The infamous story of Benjamin Barker, AKA Sweeney Todd, who sets up a barber shop down in London which is the basis for a sinister partnership with his fellow tenant, Mrs. Lovett. Based on the hit Broadway musical.
In the Victorian London, the barber Benjamin Barker is married to the gorgeous Lucy and they have a lovely child, Johanna. The beauty of Lucy attracts the attention of the corrupt Judge Turpin, who falsely accuses the barber of a crime that he did not commit and abuses Lucy later after gaining custody of her. After fifteen years in exile, Benjamin returns to London under the new identity of Sweeney Todd, seeking revenge against Turpin. He meets the widow Mrs. Lovett who is the owner of a meat pie shop who tells him that Lucy swallowed arsenic many years ago, and Turpin assigned himself tutor of Johanna. He opens a barber shop above her store, initiating a crime rampage against those who made him suffer and lose his beloved family. Written by
Claudio Carvalho, Rio de Janeiro, Brazil
At the end of the song "A Little Priest," Sweeney Todd and Mrs. Lovett strike the same pose as the promotional material used for the original Broadway production of the musical. See more »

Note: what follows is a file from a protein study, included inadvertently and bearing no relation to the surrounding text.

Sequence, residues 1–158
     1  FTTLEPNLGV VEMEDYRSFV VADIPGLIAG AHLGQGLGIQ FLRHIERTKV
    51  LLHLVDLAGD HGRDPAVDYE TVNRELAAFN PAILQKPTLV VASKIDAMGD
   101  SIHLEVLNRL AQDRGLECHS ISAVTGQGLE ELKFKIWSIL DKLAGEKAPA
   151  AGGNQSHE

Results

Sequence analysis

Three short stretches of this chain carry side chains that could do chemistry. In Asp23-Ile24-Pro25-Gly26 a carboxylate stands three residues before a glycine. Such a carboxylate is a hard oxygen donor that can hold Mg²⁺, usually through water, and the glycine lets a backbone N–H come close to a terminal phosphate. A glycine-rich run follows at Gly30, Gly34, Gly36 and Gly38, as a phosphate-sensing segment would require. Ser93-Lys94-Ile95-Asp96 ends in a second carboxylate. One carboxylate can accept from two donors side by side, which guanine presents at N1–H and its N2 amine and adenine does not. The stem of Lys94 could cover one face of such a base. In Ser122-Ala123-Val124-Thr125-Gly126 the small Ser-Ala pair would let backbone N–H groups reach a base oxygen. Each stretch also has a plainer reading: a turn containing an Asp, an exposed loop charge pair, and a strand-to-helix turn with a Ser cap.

During "Epiphany" when Sweeney Todd has his razor up to Mrs. Lovett's throat, the razor's edge is facing away from her throat. The razor's angle shows the razor slightly closed, and the edge faces down into the handle. See more »
I have sailed the world, beheld its wonders, from the Dardanelles to the mountains of Peru. But there's no place like London.
No, there's no place like London.
You are young. Life has been kind to you. You will learn.
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Despite the grim expectations from the story synopsis, the film delivers gore in a surprisingly tasteful way. There are no screaming teenagers running from a lunatic; instead we get a somewhat British blend of satire, slapstick and just "wrong" humor. Although I'm not much of a Johnny Depp fan, I enjoyed his performance as well as Helena Bonham Carter's. Even the portrayal of the common clients was stunning.
Despite being generally familiar with the story, I fell into some traps expecting specific twists, yet something different (and better) being delivered. This is a model of how to do dark humor that filmmakers should and probably will follow. It is most refreshing. Don't read the story and don't read any spoilers until you've seen it.
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